Capitalism, Communism, and Industrialization

Neither Capitalism nor Communism could solve the problems of industrialization.

I made this comment during a conversation I had recently with Vinay Gupta. He later tweeted the remark, and I was rather astonished at the amount of attention that the tweet received, and indeed continues to receive.

Given that this statement has grown wings, the time has come to unpack it a bit more.

Industrialization has seeded a number of toxic aspects into our culture. Long hours on the factory floor or in the cubicle. Hyper-specialization of roles (aka division of labour) such that an individual’s task is often rendered not only monotonous, but seemingly meaningless. An increased belief in “productivity” being among the chief measurements of a person’s value. These are but a few characteristics of industrialized culture that, we are slowly coming to realize, prove immensely detrimental to human mental and physical wellbeing.

Much of this began in the 19th century, when the advent of factories and mass production were gaining momentum. The ethos by which such operations were run made maximum efficiency and productivity the top priority. Communism emerged as a school of thought which claimed the ability to relieve the workers of their plight through shifting to them control over the means of production. The string of Communist revolutions in the early 20th century indicates that a goodly number of people were interested in giving this new model a shot.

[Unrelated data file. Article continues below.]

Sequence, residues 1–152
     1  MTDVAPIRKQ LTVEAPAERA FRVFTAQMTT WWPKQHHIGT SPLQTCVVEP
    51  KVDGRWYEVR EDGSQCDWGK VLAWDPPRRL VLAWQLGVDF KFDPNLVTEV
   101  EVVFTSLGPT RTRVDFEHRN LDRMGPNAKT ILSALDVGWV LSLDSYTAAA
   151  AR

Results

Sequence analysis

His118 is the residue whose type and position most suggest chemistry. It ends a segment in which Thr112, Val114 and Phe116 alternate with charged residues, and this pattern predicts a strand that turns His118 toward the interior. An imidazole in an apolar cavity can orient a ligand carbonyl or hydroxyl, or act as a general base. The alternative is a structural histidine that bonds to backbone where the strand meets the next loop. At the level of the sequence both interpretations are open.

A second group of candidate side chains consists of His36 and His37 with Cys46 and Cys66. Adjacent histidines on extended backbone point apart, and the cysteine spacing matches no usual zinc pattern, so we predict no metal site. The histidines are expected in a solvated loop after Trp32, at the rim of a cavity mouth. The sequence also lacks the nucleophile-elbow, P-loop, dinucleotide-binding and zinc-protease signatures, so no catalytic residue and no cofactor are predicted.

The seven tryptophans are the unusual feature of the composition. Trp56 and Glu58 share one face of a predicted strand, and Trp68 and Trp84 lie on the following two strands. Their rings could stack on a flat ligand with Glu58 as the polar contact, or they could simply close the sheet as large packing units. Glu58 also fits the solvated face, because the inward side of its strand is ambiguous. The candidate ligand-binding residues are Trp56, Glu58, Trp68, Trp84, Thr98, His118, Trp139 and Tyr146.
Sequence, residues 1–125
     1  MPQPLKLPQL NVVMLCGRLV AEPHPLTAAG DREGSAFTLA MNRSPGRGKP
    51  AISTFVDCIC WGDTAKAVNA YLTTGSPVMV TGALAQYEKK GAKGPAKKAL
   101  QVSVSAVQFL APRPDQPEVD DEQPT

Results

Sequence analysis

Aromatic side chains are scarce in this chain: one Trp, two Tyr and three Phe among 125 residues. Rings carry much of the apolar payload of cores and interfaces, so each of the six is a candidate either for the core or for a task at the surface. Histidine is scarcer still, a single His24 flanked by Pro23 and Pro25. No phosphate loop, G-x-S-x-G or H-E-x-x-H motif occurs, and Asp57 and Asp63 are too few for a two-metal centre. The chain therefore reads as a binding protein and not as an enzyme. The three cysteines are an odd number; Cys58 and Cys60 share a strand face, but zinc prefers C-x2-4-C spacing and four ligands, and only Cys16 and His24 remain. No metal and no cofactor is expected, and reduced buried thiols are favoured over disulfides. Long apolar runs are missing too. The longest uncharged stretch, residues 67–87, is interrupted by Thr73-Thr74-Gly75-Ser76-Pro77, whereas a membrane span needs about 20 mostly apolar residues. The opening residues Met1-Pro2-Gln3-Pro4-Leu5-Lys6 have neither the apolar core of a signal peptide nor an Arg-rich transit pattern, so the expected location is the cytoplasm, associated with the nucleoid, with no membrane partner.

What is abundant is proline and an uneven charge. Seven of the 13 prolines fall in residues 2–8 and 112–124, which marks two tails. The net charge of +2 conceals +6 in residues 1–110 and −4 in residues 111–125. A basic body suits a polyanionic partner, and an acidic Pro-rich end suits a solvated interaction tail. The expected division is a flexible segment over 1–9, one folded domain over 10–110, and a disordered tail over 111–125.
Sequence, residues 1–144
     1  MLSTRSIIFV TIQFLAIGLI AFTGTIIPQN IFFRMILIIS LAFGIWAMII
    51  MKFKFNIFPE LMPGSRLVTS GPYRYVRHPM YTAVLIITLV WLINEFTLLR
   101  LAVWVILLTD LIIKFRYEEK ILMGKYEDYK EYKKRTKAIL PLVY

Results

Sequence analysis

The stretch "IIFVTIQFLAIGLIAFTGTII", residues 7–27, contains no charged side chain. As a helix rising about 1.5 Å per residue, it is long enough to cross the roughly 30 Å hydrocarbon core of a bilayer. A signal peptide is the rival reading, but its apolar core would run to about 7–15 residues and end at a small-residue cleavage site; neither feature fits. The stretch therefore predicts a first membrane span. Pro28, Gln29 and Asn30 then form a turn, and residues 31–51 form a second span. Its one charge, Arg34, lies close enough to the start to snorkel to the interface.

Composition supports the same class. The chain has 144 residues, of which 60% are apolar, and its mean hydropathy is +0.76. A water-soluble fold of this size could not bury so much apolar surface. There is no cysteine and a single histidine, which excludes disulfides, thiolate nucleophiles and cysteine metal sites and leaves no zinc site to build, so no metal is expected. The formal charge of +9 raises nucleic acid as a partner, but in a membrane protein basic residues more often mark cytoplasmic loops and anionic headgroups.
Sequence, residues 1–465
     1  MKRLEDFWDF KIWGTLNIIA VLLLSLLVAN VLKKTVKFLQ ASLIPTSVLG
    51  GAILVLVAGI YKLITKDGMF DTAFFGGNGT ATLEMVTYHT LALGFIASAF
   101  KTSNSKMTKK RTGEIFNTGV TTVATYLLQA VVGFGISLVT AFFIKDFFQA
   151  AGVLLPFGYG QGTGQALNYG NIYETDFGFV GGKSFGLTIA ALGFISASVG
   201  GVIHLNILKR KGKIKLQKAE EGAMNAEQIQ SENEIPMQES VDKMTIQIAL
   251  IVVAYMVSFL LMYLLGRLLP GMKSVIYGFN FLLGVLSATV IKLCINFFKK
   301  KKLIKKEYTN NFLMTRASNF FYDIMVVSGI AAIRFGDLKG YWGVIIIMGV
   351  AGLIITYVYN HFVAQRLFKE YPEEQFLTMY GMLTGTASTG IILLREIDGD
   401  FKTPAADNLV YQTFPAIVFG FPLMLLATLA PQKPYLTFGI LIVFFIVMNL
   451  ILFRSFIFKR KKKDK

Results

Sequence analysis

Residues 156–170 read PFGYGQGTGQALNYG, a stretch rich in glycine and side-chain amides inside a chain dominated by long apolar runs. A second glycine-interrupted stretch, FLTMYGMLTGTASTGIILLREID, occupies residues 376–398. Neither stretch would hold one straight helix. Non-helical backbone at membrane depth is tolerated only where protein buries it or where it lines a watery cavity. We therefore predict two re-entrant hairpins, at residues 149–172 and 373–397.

The party was pretty much over in 100 years. The USSR collapsed in 1990, and what few lingering Communist states remained had become sufficiently hybridized with Capitalist policies, as a survival tactic, as to render them nearly unrecognizable from the states envisioned by Marx.

But the staunch defenders of Capitalism should not yet sound the horns in celebration of victory. Industrial capitalism as we recognize it only developed in the 1830s. With the current run of financial collapses, and the rapid emergence of alternate economic models that are being seriously considered in some political circles, consider the possibility that, when this has all played out, Capitalism may only have lasted a few decades longer. Which, from the viewpoint of history in another few centuries, will be a rather insignificant difference.

The problem seems to be that neither model offers a way out of our toxic industrial lifestyle and a means for improving general human happiness and wellbeing. The points mentioned at the beginning of this piece appear to be features, not bugs, of a Capitalist system for all but those at the very top. Meanwhile, the Communist system more or less maintains the same work ethic, but merely changes who is in charge and to whom the profits go. I have heard a number of apologists argue that there are schools of Communist thought that recognize this and offer solutions. However, until such a system actually shows up in a state, it cannot be judged alongside those previously or currently manifested in power.

The offer, then, seems to be ‘You will continue to work a shit job that slowly eats your body, mind, and soul. But you’ll be doing it for your own benefit, and that of your comrades, rather than for some magnate.’

Not a very enticing offer, frankly.